Sorry to take a couple of days off. In times like these, two days AFI (Away From Internet) means missing out on a month's worth of news.
A word about the cancellation of Roseanne's show
: I was never a Roseanne fan, and never sat through a full episode of the original run of that series. Yet, being a contrarian, I'm now tempted to say a few words in...well, I was about to say "in her defense," but let's not take things that
Nevertheless, I sympathize with her. Unlike many other liberals, I can understand what happened to her.
As readers know, I stupidly spent part of the 1980s and much of the 1990s immersed in the world of High Paranoia. The online company Roseanne keeps is familiar to me. That is: I may not know the current dramatis personae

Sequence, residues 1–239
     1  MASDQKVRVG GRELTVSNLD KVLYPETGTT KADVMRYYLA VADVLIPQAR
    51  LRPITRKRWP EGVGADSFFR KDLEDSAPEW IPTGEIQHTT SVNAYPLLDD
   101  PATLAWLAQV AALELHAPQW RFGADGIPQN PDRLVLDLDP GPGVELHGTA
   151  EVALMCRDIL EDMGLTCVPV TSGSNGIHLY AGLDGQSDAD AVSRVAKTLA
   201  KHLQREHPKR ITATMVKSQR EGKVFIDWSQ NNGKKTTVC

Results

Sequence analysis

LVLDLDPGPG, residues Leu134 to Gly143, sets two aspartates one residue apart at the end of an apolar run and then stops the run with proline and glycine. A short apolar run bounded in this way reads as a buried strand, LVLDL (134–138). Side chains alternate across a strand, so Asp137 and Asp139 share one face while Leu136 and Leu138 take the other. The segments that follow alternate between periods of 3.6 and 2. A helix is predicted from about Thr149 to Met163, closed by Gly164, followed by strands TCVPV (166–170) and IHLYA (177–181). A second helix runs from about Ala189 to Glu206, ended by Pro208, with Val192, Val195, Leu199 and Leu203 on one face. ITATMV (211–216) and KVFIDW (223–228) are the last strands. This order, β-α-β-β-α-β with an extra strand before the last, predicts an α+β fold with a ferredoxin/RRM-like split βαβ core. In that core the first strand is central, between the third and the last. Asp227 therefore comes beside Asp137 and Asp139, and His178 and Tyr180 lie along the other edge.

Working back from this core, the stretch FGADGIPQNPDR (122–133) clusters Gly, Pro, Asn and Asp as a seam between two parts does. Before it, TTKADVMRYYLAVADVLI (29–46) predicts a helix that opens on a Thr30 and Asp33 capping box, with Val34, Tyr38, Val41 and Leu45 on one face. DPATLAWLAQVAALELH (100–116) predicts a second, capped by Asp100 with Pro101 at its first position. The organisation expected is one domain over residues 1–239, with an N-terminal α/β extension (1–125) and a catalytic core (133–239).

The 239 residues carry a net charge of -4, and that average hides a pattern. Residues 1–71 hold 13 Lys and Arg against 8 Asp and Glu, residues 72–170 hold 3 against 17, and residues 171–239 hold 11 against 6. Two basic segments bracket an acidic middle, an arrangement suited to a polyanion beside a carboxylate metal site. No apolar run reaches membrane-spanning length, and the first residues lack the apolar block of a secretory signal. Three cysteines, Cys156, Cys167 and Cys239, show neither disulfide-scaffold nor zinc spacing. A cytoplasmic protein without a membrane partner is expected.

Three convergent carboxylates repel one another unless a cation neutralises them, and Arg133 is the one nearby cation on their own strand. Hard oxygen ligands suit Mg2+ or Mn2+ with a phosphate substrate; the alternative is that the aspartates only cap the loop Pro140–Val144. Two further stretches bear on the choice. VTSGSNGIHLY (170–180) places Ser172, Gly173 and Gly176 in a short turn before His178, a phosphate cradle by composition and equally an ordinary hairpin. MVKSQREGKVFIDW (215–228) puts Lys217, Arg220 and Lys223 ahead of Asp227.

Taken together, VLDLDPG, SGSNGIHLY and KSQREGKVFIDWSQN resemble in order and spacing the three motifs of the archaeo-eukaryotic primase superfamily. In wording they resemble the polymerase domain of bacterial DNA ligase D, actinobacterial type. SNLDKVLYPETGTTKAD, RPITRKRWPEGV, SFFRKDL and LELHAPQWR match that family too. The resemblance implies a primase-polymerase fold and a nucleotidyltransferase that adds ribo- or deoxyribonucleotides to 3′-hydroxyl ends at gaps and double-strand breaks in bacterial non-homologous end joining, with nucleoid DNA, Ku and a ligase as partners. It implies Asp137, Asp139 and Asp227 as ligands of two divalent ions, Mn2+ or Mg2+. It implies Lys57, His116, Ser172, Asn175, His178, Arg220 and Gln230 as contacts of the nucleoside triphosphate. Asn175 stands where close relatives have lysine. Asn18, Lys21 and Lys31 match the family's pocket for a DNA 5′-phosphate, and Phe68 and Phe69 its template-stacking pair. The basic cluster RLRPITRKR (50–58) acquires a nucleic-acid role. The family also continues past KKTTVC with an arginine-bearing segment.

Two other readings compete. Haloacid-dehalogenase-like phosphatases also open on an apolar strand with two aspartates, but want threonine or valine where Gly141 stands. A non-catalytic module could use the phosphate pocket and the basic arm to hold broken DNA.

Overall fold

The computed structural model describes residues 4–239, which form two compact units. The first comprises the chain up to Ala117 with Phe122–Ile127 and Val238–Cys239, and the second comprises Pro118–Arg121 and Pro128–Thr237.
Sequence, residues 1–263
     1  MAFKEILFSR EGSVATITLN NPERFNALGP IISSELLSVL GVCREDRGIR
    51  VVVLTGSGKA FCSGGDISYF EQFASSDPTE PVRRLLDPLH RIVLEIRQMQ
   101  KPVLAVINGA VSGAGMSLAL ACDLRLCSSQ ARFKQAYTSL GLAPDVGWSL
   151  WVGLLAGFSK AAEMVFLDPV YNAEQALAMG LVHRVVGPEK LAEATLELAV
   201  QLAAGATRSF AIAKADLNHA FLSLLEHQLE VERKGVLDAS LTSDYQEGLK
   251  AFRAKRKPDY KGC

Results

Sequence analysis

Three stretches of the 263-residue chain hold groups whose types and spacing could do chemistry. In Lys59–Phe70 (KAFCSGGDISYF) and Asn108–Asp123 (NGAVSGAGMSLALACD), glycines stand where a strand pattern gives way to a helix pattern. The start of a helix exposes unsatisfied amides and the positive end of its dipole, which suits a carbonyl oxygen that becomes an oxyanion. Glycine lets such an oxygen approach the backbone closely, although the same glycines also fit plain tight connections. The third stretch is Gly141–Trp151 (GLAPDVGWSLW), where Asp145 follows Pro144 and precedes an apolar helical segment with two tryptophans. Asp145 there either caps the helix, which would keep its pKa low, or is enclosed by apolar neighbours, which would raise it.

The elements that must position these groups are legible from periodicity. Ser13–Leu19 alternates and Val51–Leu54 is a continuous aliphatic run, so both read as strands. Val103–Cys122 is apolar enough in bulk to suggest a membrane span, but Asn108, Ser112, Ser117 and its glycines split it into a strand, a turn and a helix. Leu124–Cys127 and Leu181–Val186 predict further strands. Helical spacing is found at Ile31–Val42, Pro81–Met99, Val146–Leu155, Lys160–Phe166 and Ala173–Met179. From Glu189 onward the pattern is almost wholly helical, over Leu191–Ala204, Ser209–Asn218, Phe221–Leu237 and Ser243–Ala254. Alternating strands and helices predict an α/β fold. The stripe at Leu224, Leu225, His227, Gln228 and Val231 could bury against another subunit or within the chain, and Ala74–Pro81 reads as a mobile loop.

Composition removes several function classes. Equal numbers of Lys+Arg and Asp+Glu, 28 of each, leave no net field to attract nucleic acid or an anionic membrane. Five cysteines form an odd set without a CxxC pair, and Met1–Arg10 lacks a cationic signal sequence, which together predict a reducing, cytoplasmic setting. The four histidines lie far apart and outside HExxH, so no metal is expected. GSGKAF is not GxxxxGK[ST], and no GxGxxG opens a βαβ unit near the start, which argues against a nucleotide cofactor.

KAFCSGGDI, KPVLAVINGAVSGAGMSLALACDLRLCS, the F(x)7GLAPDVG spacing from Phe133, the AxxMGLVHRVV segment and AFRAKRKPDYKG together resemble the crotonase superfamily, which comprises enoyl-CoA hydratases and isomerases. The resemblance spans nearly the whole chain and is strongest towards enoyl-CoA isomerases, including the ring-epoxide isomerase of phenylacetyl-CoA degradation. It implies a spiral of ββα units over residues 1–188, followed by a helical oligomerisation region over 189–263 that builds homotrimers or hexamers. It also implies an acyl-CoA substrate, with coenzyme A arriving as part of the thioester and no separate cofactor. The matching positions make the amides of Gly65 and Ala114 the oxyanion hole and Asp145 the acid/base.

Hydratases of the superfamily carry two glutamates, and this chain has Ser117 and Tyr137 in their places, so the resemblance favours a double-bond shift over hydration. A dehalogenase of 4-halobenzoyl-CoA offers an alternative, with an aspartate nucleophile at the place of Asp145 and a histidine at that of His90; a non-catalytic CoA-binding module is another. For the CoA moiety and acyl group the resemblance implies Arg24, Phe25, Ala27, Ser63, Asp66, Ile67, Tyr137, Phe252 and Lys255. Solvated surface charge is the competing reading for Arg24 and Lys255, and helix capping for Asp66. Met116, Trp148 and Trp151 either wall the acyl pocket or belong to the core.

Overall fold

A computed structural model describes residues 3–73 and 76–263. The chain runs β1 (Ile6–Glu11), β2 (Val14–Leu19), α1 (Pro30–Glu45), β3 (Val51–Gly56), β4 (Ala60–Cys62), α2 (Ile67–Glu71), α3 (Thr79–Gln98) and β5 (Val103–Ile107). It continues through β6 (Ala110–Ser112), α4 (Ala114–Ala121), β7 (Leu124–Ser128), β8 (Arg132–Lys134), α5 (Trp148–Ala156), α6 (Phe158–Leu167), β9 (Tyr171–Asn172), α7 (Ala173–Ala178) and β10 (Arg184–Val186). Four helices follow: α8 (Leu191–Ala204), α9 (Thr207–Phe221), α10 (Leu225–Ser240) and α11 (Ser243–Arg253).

, but I certainly know the mind-set. I know what being in that milieu can do
to a person.
Although I was never on the right, I did gain a taste for the extremes. If a text was not outlandish, it wasn't intriguing. One can start out as someone interested in the JFK assassination and soon find oneself collecting literature produced by the kind of right-wing fearmongers who detested JFK while he was alive.
Here's the most important thing you have to know about conspiracy buffs: They continually bait each other, continually test each other, continually force each other to adopt ever more extreme positions. They disdain anyone who maintains a reasonably high standard of proof. When you demand better evidence, you harsh their buzz. Evidence is for losers -- for the mundanes. Or, to employ current terminology, the normies.
One buff says: JFK was killed because he was about to reveal the truth about Roswell -- and if you disagree, then obviously THEY got to you too.
Buff 2 responds: JFK was killed because he was about to expose the Rothschild conspiracy -- and if you disagree, then obviously THEY got to you too.